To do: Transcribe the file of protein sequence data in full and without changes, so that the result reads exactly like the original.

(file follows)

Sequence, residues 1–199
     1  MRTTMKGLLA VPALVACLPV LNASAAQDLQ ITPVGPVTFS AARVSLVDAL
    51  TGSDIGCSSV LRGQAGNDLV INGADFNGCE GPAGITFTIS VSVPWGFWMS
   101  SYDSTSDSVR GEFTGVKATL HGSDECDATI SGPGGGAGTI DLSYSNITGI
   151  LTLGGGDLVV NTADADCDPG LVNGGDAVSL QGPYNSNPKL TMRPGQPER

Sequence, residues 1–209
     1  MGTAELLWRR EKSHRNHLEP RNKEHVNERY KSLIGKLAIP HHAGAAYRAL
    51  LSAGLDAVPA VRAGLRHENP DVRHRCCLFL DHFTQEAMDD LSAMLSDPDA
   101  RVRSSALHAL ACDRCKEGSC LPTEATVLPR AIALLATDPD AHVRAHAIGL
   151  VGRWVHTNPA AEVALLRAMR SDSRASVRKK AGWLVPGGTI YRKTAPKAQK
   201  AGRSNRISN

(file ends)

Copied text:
Sequence, residues 1–199
     1  MRTTMKGLLA VPALVACLPV LNASAAQDLQ ITPVGPVTFS AARVSLVDAL
    51  TGSDIGCSSV LRGQAGNDLV INGADFNGCE GPAGITFTIS VSVPWGFWMS
   101  SYDSTSDSVR GEFTGVKATL HGSDECDATI SGPGGGAGTI DLSYSNITGI
   151  LTLGGGDLVV NTADADCDPG LVNGGDAVSL QGPYNSNPKL TMRPGQPER

Sequence, residues 1–209
     1  MGTAELLWRR EKSHRNHLEP RNKEHVNERY KSLIGKLAIP HHAGAAYRAL
    51  LSAGLDAVPA VRAGLRHENP DVRHRCCLFL DHFTQEAMDD LSAMLSDPDA
   101  RVRSSALHAL ACDRCKEGSC LPTEATVLPR AIALLATDPD AHVRAHAIGL
   151  VGRWVHTNPA AEVALLRAMR SDSRASVRKK AGWLVPGGTI YRKTAPKAQK
   201  AGRSNRISN